Wednesday, April 18, 2007

Valuing Property In a Texas Divorce

Although appraisers and valuation experts may be used to determine how much property is worth, spouses are generally qualified to testify about the value of property in which they have an ownership interest. Barstow v. Jackson, 429 SW2d 537.

Property is valued at the "fair market" value. This is defined as the price a willing buyer, would pay for the property in it's current condition at the time of trial. I often refer to this as the "yard sale" value- that is, what could you get for a particular piece of property if you put it on your front lawn with a "for sale" sign on it.

Some assets are very difficult for a non-expert to value such as:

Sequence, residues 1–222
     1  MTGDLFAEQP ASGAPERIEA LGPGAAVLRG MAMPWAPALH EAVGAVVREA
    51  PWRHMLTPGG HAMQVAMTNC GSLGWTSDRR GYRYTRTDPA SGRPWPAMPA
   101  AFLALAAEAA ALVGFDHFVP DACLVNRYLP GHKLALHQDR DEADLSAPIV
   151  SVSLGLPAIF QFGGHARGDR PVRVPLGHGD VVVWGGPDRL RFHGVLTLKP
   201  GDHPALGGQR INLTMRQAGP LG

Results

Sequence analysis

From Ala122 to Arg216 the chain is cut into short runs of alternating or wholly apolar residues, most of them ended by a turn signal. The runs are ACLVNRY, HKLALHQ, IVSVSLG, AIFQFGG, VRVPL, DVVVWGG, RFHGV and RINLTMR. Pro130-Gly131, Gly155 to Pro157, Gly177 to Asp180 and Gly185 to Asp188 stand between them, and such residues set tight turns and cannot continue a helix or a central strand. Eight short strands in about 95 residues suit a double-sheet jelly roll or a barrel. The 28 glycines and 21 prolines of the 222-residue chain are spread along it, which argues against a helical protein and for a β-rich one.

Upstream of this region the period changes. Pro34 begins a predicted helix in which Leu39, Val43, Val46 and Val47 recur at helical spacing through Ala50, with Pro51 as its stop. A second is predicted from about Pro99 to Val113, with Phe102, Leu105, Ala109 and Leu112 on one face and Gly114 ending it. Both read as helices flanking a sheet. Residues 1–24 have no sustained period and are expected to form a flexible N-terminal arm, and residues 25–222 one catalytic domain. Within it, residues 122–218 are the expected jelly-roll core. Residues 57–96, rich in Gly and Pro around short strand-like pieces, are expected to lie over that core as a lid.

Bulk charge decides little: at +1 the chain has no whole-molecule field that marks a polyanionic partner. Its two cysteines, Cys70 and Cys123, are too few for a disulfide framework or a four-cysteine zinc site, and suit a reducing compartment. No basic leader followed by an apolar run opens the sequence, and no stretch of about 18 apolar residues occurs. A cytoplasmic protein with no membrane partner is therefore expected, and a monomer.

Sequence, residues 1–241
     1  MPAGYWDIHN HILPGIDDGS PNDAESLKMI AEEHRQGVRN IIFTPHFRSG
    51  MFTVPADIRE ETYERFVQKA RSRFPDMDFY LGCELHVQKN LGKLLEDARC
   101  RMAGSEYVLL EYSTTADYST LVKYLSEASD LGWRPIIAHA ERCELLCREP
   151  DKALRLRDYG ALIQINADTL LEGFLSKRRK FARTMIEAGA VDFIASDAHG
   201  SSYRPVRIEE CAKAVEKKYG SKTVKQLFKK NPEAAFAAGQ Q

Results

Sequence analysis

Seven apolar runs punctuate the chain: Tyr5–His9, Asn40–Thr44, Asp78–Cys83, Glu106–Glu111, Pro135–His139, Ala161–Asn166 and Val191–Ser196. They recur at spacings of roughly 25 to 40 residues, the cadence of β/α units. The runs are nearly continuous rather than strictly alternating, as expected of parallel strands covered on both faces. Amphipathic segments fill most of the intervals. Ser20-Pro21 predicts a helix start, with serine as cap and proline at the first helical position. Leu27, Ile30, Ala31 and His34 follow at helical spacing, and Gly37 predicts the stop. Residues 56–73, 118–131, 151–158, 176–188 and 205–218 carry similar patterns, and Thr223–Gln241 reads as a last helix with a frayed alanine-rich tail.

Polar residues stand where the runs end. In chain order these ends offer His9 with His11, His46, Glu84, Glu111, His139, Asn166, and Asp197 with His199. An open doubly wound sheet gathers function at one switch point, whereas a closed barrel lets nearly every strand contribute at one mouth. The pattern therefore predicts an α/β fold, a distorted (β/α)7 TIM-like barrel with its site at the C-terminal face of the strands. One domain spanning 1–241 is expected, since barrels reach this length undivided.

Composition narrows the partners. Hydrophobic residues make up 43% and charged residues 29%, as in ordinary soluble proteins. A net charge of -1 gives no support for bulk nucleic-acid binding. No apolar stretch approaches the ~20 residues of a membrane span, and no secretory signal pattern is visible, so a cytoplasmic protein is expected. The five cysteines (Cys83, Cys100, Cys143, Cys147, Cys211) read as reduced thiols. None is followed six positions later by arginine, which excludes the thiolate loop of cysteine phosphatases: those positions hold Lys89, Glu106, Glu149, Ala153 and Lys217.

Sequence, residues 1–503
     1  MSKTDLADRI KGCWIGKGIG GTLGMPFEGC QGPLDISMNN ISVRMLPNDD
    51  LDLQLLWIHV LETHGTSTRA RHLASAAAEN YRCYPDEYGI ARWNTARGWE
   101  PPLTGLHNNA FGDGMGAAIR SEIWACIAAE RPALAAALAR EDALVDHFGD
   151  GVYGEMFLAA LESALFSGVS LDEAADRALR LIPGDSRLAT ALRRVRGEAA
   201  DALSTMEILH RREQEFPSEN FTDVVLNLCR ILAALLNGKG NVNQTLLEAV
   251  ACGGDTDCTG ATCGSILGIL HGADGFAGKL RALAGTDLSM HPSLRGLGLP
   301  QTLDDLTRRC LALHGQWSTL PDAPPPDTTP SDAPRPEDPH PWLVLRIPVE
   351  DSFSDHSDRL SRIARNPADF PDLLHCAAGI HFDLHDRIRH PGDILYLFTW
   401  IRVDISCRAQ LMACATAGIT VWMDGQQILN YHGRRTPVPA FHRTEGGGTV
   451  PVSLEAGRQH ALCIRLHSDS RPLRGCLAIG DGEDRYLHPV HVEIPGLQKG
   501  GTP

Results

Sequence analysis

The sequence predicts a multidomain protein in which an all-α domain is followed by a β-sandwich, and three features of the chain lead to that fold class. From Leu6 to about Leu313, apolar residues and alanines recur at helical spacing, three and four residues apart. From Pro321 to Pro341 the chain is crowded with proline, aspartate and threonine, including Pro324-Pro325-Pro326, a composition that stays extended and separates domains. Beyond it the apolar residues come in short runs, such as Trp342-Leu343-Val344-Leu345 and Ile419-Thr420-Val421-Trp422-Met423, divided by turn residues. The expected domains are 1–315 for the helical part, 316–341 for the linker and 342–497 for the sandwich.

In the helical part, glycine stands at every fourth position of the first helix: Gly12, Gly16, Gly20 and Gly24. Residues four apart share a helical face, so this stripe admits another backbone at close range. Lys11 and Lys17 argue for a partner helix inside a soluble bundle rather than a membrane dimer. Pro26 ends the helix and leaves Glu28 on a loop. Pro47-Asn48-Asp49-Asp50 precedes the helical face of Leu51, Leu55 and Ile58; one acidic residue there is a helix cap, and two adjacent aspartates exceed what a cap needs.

• present value of future interests (such as annuities or pension plans);

  • small family businesses and closely held businesses;
  • goodwill

Coming up with a dollar figure for these type of intangibles can be very difficult, and often times experts themselves value these very differently. In these cases, there is often a "battle of the experts" that is waged and the judge must judge the weight of the evidence based on the credibility of the experts.